¹ You can't afford mistakes by building of DIY plans for what most of the pro's proven stock plans will cost you, this apart from the time you'll still need to develop the plans further, while in the same time you could build a good part of a proven boat.

    Yamaha goes till max 50 HP in high trust, and since recently Suzuki goes till max 60 HP in high trust outboards.

    The tilting outboard eats a lot of cockpit space, and also needs a large slot in the bottom which generates a lot of resistance in the water.

    Both of these issues would be bettered by a vertical lifting outboard, like e.g. on the Norwalk Islands Sharpies of 26' and up.

    Good luck with the project !
     
    Last edited: Apr 7, 2018
  3. M&M Ovenden
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    M&M Ovenden Senior Member

    I haven't really looked at outboards that much, but I'm surprised there would be one geared for a displacement hull. I think you would be better served with an electric drive / battery bank / generator.
    Cheers,
    Mark
     
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  4. valery gaulin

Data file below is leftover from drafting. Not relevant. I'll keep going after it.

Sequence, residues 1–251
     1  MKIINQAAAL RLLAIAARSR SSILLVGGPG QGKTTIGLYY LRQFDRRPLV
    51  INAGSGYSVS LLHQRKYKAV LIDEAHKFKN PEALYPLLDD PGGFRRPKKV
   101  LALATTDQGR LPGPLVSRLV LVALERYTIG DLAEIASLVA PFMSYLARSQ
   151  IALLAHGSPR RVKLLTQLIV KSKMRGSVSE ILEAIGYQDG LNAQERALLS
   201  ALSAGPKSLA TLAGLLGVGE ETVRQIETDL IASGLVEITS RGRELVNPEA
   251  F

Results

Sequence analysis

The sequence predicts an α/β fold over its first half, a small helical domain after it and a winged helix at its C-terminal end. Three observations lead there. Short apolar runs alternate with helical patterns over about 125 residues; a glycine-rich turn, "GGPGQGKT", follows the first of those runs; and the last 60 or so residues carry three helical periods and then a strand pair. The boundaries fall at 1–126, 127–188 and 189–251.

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    valery gaulin Senior Member

    @Angélique, Yamaha T60 high trust, check the link below, probably a 40hp or 50hp would be sufficient but to make sure there is enough room in the coxkpit I used the biggest motor. I also think that large cockpit are good for confort but if they get filled with water it can become a problem! This solution gives enought room to walk around, brace yourself when sailing and act as a table.

    T60 High Thrust | Yamaha Motor Canada https://www.yamaha-motor.ca/products/details-build-price.php?model=4314&group=OB&catId=123

    The design of this sailboat is not mine! I bought the plan from Rueul Parker for the Terrapin 42 and as a hobby I am redrawing it in 3D on Fusion 360 with the intention of maybe going ahead with the built if I am crazy enough! Mainly it is a Rueul Parker design that I modify here and there to my belief are some improvement to the original design.